D.B. are many theories about the identity of Cooper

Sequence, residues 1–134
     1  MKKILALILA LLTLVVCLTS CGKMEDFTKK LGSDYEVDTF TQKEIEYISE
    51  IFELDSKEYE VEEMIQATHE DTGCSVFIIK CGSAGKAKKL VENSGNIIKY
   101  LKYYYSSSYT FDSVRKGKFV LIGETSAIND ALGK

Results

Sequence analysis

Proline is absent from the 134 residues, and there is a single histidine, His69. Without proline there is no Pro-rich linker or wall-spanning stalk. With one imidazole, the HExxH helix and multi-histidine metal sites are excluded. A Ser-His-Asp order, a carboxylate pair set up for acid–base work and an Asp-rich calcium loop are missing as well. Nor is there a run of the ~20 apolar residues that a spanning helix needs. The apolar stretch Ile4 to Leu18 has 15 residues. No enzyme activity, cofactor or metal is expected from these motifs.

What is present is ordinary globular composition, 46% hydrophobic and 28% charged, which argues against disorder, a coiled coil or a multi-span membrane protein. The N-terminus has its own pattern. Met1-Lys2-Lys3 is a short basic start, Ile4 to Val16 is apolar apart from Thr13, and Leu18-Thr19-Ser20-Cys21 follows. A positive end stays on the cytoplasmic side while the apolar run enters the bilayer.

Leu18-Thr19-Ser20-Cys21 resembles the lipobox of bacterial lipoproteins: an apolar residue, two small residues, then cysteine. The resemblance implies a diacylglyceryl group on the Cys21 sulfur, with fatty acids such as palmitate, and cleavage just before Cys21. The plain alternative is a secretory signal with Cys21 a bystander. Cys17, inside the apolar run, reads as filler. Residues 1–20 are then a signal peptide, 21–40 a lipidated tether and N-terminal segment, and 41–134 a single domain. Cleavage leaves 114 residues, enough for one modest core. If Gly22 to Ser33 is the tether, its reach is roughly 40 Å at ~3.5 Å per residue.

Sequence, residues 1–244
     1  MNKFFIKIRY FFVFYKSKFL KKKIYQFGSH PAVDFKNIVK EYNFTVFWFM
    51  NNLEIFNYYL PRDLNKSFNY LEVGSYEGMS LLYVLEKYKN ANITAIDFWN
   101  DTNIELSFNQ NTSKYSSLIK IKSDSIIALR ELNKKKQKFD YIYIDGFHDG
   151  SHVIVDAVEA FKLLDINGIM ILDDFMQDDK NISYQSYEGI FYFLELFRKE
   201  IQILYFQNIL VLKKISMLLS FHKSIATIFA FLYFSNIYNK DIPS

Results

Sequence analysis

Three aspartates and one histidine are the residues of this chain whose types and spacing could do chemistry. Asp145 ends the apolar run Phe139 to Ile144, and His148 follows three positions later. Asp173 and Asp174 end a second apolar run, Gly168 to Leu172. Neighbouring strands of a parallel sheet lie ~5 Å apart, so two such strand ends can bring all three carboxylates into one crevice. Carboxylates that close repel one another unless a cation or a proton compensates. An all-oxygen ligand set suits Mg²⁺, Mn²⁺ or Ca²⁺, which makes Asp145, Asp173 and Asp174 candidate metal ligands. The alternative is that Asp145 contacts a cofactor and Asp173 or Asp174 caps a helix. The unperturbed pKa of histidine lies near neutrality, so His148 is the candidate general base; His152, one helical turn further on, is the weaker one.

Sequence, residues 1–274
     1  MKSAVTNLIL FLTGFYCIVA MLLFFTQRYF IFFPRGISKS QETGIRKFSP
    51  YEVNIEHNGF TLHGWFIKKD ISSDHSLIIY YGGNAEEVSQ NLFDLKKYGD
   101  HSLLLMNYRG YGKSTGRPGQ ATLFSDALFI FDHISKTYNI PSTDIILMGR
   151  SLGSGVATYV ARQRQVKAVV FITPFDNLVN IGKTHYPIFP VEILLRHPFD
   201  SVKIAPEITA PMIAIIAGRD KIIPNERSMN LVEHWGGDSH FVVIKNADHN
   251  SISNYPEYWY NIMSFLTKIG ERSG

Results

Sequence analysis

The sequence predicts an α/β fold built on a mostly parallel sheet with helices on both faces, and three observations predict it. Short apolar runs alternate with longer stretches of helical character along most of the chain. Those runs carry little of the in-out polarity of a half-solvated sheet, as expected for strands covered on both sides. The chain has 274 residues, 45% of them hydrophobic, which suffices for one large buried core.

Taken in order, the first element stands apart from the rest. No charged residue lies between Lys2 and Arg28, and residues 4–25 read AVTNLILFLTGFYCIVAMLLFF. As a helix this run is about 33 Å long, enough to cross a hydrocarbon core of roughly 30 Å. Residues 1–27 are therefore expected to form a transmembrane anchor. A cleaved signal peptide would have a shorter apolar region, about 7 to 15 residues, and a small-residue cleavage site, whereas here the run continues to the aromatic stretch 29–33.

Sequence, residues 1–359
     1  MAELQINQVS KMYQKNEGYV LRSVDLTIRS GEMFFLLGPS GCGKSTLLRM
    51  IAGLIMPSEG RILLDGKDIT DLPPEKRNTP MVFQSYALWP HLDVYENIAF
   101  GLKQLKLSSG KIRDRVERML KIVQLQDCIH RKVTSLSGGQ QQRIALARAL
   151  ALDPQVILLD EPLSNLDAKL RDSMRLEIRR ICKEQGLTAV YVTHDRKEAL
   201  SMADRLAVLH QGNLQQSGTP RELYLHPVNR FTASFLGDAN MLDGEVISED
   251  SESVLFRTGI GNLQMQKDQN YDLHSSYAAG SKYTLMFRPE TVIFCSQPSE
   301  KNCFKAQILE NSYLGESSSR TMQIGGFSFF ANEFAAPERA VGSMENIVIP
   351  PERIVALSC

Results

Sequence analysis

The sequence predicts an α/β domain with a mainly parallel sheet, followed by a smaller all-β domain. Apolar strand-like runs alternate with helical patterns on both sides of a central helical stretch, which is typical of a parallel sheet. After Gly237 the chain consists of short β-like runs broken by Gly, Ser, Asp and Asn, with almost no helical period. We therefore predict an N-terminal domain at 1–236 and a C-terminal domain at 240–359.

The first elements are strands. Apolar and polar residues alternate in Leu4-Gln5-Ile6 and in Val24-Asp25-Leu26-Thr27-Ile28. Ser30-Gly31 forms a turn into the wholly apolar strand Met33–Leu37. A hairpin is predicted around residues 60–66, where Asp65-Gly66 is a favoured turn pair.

D.B. Cooper is the name given by the media to an unidentified man who hijacked a passenger flight en route to seattle. After obtaining four parachutes and $200,000 in ransom money, he jumped out of the plane and vanished into the night, never to be seen again. Some of the money and a parachute was later found, but despite an extensive investigation by the FBI, there has been no trace of Cooper. There are many theories about the identity of Cooper and what happened that night, but none have been confirmed. In 2016 the FBI closed its investigation of Cooper but still asks for any evidence to be submitted.The pieces of evidence that have emerged over the years have, for the most part, raised more questions than they answered. The main pieces of evidence that have been recovered are a knapsack filled with some of the money. A parachute, and Cooper’s clip on tie. Cooper was very familiar with the Seattle area and was able to point out things from the plane that most civilians would not know, an example being the driving time from Seattle to McChord Air Force Base. This suggests that he may have been a veteran of the air force.Evidence any eyewitness accounts suggest that Cooper was very clever. He requested four parachutes to make the them think he might take others with him, so he would not be given intentionally sabotaged equipment. He wore a suit and tie because once he parachuted out and landed, he would have to hitchhike his way out of the woods and back to civilization, and he would have an easier time getting a ride if he were dressed nicely. The particular aircraft that he chose had an aft airstair that could be operated from the passenger area, and the unusual placement of the engines allowed him to safely exit through said airstair.The FBI believes that contrary to prior evidence, Cooper lacked important skydiving skills. Special Agent Larry Carr stated that even an expert skydiver would not jump out into a pitch black, rainy night with a -70 degrees windchill. He also failed to notice that one of his parachutes was a training version, meaning it had been sewn shut. Additionally, he did not request a helmet.Agents have theorized that he drew his name from a popular 70’s Belgian comic book series about a Royal Canadian Air Force pilot named Dan Cooper, who did many air related activities, including parachuting. Since these books were never translated into English nor imported into the United States, there is reason to believe that he was either from Europe or spent time there while in the air force. Alternatively, he could have been Canadian, where these comics were also available, which is plausible given that eyewitnesses said that he had no distinct accent.Tracing if and where Cooper landed is very difficult. Since he jumped out of a moving plane, even the slightest differences in wind speed and aircraft direction changed the possible landing zone drastically.An interesting piece of evidence is Cooper’s tie, which he took off and left on the plane before jumping off. Scientists were able to make use of powerful electron microscopes to identify thousands of particles of “rare earth elements” on his tie. The most notable of these were Cerium, Strontium sulfide and pure titanium. In 1971, titanium was very rare. The presence of titanium narrows down the occupation of Cooper to a select few managers or engineers in the titanium field that wore ties to work. In his time, the metal was almost exclusively used by the military in aircraft production. There is a possibility that he worded at Boeing, who were developing a supersonic plane that used many of the elements found on the tie, especially titanium.¬†Overall, it is unlikely that we will ever know what exactly happened. There are just too many variables and not enough evidence. The FBI closed its investigation of the case in 2016 after 45 years. I feel that since we still don’t know even after decades, it is unlikely that we ever will. Based on the evidence that we do have, I choose to believe that Cooper spent time in the Air Force and was an executive at Boeing or a Military contractor at the time of the hijacking. I also believe that either he did not survive the plane jump, or he made it to the ground but did not last long after that. The fact that this hijacking happened relatively recently and its shrouds of mystery around it make it a very fascinating topic, no matter what you choose to believe.

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